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Bush meets with Gates to overhaul Iraq strategy

President Bush, drafting an overhaul of his faltering and unpopular war plan, heard Saturday from a Pentagon chief who had just returned from Iraq with a positive impression of Iraqi leaders’ plans to address sectarian violence.
President Bush Meets With Gates And Pace
President Bush talks with the new Secretary of Defense Robert Gates, left, and Chairman of the Joint Chiefs of Staff Gen. Peter Pace, right, at Camp David, Md., on Saturday. The White House / Getty Images
/ Source: The Associated Press

President Bush, drafting an overhaul of his faltering and unpopular war plan, heard Saturday from a Pentagon chief who had just returned from Iraq with a positive impression of Iraqi leaders’ plans to address sectarian violence.

Defense Secretary Robert Gates finished his first week on the job by delivering a report to Bush on the three days he spent talking with Iraqi leaders, U.S. commanders and American soldiers. The chairman of the Joint Chiefs of Staff, Gen. Peter Pace, who traveled with Gates to Iraq, helped make the presentation.

The early-morning meeting at Camp David in Maryland’s mountains lasted about an hour. Secretary of State Condoleezza Rice, national security adviser Stephen Hadley and Hadley’s deputy, J.D. Crouch, who is coordinating the administration’s Iraq review, also participated.

White House officials declined to disclose any details of the conversations. Bush is meeting with his national security team again Thursday at his ranch in Crawford, Texas.

“The president is pleased with the progress being made” to design a new policy, said Blain Rethmeier, a Bush spokesman. “The president is leaving all options on the table on the way forward.”

Embracing the specter of change
With public support for the war falling as violence and U.S. deaths rise, Bush has been eager to show he is ready to make changes — even while he rejects calls from Democrats, who take control of Congress next month, for significant troop withdrawals to begin soon. The president has talked often in recent weeks about the long commitment America must make to Iraq.

He is expect to announce his revamped Iraq strategy in a speech to the nation between the New Year’s Day and his Jan. 23 State of the Union address.

“If you’re serving on the front lines halfway across the world, it is natural to wonder what all this means for you,” Bush said Saturday in his weekly radio address. “I want our troops to know that while the coming year will bring change, one thing will not change, and that is our nation’s support for you and the vital work you do to achieve a victory in Iraq.”

There are several signs that a proposal to add thousands of U.S. troops to the 140,000 already in Iraq — as a way to control escalating violence, particularly in Baghdad — is gaining favor at the White House.

Generals backing off ‘surge’ criticism?
The Los Angeles Times reported Saturday that Gen. George Casey, the top U.S. commander in Iraq, and other military leaders in Iraq, who had been the primary voices skeptical of a “surge” in troops, have decided to endorse the idea.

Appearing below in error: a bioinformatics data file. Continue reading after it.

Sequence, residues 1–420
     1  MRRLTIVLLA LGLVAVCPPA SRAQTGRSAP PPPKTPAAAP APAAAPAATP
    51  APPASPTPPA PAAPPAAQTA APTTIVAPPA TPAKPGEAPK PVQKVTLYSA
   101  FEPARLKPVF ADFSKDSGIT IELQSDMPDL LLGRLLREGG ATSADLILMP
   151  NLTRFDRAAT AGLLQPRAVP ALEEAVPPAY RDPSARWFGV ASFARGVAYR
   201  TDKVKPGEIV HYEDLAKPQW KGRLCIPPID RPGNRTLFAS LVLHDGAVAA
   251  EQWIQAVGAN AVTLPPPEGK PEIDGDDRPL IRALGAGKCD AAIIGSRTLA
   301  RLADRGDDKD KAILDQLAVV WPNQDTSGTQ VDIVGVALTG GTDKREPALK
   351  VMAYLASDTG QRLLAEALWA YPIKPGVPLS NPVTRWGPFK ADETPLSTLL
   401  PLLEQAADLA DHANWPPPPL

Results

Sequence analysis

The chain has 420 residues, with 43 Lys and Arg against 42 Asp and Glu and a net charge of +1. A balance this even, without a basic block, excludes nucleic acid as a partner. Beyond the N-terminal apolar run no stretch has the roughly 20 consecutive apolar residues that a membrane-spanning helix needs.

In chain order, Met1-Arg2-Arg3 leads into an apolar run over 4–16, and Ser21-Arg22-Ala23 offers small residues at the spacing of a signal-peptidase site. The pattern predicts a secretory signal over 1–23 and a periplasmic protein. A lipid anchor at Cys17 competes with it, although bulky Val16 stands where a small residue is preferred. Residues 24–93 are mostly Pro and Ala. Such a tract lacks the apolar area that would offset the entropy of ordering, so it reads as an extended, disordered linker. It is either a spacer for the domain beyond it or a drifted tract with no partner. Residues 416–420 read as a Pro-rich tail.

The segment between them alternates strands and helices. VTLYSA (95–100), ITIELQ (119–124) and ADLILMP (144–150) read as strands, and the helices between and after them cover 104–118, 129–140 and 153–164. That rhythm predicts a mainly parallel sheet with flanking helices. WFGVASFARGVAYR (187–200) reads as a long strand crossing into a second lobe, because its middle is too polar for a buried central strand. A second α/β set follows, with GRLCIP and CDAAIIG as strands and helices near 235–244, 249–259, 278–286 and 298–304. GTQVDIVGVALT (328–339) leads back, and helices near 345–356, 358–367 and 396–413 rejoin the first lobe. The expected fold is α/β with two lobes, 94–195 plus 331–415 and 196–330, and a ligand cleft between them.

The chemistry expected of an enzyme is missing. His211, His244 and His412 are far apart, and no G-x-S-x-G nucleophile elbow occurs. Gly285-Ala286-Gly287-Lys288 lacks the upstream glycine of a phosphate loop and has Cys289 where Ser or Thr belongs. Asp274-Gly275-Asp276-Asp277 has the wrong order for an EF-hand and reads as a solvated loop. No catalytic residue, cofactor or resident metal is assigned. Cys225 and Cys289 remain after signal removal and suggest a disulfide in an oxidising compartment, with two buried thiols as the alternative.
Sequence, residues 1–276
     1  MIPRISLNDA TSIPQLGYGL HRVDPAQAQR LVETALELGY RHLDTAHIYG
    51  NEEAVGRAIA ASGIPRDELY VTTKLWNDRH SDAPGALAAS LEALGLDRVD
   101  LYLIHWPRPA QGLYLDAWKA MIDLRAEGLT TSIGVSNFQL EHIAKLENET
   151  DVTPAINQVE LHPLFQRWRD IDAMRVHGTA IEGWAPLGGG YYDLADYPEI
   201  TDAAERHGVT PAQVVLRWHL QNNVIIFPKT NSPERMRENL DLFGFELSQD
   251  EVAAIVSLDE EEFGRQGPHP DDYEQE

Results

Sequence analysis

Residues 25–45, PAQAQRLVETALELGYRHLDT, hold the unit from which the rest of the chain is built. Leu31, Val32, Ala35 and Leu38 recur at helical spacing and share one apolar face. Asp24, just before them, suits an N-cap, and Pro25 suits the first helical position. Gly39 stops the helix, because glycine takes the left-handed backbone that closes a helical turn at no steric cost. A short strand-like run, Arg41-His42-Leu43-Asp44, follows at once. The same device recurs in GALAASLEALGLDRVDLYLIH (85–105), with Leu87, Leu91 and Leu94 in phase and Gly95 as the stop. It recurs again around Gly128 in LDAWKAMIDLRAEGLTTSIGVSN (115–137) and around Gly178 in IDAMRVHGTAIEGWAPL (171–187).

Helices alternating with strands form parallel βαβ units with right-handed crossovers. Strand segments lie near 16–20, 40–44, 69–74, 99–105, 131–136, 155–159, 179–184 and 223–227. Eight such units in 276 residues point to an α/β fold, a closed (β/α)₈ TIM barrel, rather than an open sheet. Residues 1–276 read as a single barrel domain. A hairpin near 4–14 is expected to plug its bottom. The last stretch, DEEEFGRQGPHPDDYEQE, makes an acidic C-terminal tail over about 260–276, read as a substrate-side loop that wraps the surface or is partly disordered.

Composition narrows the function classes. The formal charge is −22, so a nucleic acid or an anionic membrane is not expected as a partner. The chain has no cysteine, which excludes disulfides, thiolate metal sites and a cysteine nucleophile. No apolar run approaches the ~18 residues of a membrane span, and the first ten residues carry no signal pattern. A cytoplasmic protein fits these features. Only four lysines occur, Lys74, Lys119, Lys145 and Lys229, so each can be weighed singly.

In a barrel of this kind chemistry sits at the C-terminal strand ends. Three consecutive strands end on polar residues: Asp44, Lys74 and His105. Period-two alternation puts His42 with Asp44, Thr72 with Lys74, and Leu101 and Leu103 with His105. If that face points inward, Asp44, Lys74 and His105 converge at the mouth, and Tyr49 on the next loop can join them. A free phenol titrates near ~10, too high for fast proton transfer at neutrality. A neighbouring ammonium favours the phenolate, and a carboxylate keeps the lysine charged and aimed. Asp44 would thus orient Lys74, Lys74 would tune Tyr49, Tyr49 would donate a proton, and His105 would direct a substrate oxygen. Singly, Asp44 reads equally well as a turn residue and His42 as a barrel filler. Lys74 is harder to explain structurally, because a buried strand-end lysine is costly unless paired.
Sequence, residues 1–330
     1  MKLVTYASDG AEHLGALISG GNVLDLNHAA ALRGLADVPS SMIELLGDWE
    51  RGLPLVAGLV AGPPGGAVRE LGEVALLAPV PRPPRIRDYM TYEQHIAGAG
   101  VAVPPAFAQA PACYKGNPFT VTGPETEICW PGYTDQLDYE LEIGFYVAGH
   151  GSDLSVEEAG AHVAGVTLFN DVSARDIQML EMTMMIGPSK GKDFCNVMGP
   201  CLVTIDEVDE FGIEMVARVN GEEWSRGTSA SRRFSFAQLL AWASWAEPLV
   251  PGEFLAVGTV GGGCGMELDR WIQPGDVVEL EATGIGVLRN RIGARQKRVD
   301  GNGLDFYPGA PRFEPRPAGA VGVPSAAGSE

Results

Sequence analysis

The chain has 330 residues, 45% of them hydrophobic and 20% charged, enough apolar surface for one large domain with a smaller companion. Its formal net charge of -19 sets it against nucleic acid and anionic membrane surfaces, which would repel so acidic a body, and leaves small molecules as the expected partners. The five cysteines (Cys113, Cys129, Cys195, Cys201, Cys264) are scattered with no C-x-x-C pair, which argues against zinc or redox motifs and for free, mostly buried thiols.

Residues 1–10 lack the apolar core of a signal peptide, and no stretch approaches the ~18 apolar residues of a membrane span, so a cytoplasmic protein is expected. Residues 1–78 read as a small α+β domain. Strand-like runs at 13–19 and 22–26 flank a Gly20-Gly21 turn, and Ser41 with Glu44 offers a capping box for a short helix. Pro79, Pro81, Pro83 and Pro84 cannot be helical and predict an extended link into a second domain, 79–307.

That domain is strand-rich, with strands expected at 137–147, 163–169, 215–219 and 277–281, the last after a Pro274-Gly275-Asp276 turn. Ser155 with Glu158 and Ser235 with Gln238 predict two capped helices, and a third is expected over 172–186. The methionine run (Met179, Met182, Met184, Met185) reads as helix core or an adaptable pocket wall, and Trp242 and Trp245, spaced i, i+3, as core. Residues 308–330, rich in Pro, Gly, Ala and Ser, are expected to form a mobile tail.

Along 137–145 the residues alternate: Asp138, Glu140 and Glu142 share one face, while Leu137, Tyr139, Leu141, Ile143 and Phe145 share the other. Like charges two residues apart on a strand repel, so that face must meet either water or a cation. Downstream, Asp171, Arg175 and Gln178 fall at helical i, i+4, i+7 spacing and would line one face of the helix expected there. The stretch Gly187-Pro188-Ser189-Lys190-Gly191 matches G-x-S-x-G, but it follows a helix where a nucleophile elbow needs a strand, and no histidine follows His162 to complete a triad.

But Lt. Col. Christopher C. Garver, spokesman for Casey, said Saturday, “As of this time, General Casey has not recommended more troops be sent here.” Rethmeier would neither confirm nor deny the Times story.

Bush has said he has changed his mind and now believes the Army and Marine Corps should be increased in overall size. This process would take years, but still could address some doubts in the military about the drain of even a short-term boost in Iraq.

And while saying he has not decided whether to deploy more U.S. soldiers, the president gave another nod to military leaders this week by making clear he agrees that any such troop infusion must have a mission that is clear and achievable.

Gates did not tip his hand about his views on a troop surge.

Putting ‘flesh’ on Iraqi plans
’Some important players at the Pentagon remain unconvinced that a significant troop increase would help and, in fact, worry it could do more harm than good by giving Iraqis incentive not to make their own inroads. Democrats and other critics also fear American troops will remain mired unless the Iraqis are forced by the prospect of an imminent withdrawal of U.S. soldiers to make progress.

While in Baghdad, Gates did praise Iraqi leaders for having “some concrete plans in mind” to deal with the deadly militias that have brought the country to the brink of civil war between the Shiite majority and Sunni minority. He left Casey with the assignment of putting “flesh on those bones” in consultations over the next few days with the Iraqi government, which has had little success so far reining in the militias or quelling the bloodshed.

Bush has said all along that U.S. troops cannot come home until Iraqis are able to secure and defend their own country without significant American assistance.

The military component of Bush’s upcoming plan has drawn the most attention, but it is only one part of what is expected to be a multi-pronged strategy.

It also will include a way to improve the dismal economic picture in Iraq and a new approach to both diplomacy in the region and to the delicate — and deadly — political situation inside Iraq.